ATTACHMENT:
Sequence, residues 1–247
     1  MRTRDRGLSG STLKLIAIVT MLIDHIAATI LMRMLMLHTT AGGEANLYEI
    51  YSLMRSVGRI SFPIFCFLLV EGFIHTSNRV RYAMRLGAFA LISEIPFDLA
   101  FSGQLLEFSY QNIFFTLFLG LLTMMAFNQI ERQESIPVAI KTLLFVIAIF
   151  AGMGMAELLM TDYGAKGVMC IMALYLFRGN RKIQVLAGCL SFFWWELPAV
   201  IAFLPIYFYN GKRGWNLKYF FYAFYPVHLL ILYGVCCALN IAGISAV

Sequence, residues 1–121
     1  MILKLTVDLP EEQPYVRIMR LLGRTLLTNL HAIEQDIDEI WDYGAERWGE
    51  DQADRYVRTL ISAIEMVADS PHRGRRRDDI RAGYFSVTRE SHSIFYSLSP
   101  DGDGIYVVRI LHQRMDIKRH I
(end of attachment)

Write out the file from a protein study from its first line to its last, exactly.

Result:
Sequence, residues 1–247
     1  MRTRDRGLSG STLKLIAIVT MLIDHIAATI LMRMLMLHTT AGGEANLYEI
    51  YSLMRSVGRI SFPIFCFLLV EGFIHTSNRV RYAMRLGAFA LISEIPFDLA
   101  FSGQLLEFSY QNIFFTLFLG LLTMMAFNQI ERQESIPVAI KTLLFVIAIF
   151  AGMGMAELLM TDYGAKGVMC IMALYLFRGN RKIQVLAGCL SFFWWELPAV
   201  IAFLPIYFYN GKRGWNLKYF FYAFYPVHLL ILYGVCCALN IAGISAV

Sequence, residues 1–121
     1  MILKLTVDLP EEQPYVRIMR LLGRTLLTNL HAIEQDIDEI WDYGAERWGE
    51  DQADRYVRTL ISAIEMVADS PHRGRRRDDI RAGYFSVTRE SHSIFYSLSP
   101  DGDGIYVVRI LHQRMDIKRH I